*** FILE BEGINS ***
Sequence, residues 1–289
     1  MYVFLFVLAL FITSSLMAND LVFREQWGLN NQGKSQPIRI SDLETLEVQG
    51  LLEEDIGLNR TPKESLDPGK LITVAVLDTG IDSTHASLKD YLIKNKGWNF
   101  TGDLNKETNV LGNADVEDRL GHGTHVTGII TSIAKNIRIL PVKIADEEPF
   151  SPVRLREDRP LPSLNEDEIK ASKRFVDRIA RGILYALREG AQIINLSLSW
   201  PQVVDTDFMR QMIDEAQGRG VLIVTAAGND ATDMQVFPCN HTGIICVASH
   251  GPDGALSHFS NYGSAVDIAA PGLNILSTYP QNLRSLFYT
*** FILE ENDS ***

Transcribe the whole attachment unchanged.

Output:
Sequence, residues 1–289
     1  MYVFLFVLAL FITSSLMAND LVFREQWGLN NQGKSQPIRI SDLETLEVQG
    51  LLEEDIGLNR TPKESLDPGK LITVAVLDTG IDSTHASLKD YLIKNKGWNF
   101  TGDLNKETNV LGNADVEDRL GHGTHVTGII TSIAKNIRIL PVKIADEEPF
   151  SPVRLREDRP LPSLNEDEIK ASKRFVDRIA RGILYALREG AQIINLSLSW
   201  PQVVDTDFMR QMIDEAQGRG VLIVTAAGND ATDMQVFPCN HTGIICVASH
   251  GPDGALSHFS NYGSAVDIAA PGLNILSTYP QNLRSLFYT